Sunday, 25 October 2015

Week 13: Planning the Next Prototype

Time to think through the logic of the last prototype for the course in detail, as I have several days to get it done.

So - I'll be testing Social Interactions and assume that 2 people will have fun playing the game and will find their way around as a group. 

Hypothesis 1: 
  • 2 people (or kids) playing the game will find a way to self-organize to get the correct answers to the questions asked 
Pass/Fail: Most people got their questions right. When they didn't get their questions - they were just fooling around intentionally.

Hypothesis 2: 
  • In pairs people will enjoy the game more than if they were to play alone. 
Pass/Fail: Will be tested through self-reporting in the form of close-ended question. If users report that they enjoyed the game more when playing together - this would mean that the hypothesis is right. Optionally - I could do 2 rounds of testing - 1. test as 2 people then 2. test with the same testers as 1 person - and then do self-reporting.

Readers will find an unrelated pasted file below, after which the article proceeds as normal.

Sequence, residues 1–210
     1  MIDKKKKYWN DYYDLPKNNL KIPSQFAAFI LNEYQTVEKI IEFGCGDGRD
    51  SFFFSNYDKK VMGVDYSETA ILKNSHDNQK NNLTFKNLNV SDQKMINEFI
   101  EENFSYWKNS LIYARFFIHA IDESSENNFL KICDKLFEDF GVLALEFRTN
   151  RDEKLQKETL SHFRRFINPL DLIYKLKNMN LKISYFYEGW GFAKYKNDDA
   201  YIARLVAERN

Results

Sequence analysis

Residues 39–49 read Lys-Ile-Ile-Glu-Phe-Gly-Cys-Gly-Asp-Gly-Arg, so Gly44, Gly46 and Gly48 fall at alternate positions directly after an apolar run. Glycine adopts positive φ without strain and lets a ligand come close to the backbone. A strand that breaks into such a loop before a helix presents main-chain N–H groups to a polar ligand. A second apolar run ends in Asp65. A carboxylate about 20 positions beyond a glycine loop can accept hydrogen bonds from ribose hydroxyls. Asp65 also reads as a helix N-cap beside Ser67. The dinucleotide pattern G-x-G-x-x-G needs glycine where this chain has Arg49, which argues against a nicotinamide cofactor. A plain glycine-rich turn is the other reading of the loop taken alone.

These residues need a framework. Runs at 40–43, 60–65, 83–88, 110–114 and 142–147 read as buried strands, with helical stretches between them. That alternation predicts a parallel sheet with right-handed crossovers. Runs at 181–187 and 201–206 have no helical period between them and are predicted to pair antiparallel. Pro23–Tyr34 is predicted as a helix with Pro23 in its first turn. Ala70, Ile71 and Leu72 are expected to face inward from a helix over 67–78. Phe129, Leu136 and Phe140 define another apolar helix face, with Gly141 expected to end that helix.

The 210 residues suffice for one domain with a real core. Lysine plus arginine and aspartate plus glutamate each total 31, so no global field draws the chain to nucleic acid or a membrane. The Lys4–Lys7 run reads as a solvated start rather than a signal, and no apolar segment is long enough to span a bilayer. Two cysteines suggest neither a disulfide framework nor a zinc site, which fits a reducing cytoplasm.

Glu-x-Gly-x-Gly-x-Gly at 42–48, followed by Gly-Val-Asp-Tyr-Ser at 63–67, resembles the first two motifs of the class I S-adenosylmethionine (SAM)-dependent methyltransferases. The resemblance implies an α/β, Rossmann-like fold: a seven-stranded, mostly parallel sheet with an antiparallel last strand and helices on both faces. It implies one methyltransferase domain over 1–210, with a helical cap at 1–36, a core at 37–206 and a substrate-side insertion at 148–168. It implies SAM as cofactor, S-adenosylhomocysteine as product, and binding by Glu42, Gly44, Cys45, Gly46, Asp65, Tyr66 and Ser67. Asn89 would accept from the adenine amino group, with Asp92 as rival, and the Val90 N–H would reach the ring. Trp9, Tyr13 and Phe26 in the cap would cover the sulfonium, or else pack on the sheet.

Fixes from the last prototype: 
- record voiceover under the coat :) 
- make numbers bigger in size 

Game logic changes: 
The main issue is to find an event that would indicate that the answer is correct, since 2 numbers have to be pushed. 

How I could do that: 
Assume the question is how much is 11 + 4 and the correct answer is 15.
- Wait for 1 person to stand on 1... 
- Wait for 2nd person to stand on 5... 

If a person stands on 1 - and then on 5 - the answer is correct or stands on 5 - then on 1 - the answer is correct.
If a person stands on a wrong answer - "Zero" it, say - wrong answer.

+ I need to change the questions I ask so that I end up with 2-digit responses. 

A problem that 2 people cannot stand on 2 numbers simultaneously. This is a limitation that I cannot find a way around. So, I guess I'll have to explain this to people in the form of instructions.

That's about it.

Tuesday, 13 October 2015

Thinking About The Next Prototype

Time to start thinking about the last prototype.
So, the instructions are as follows:

Final Prototype: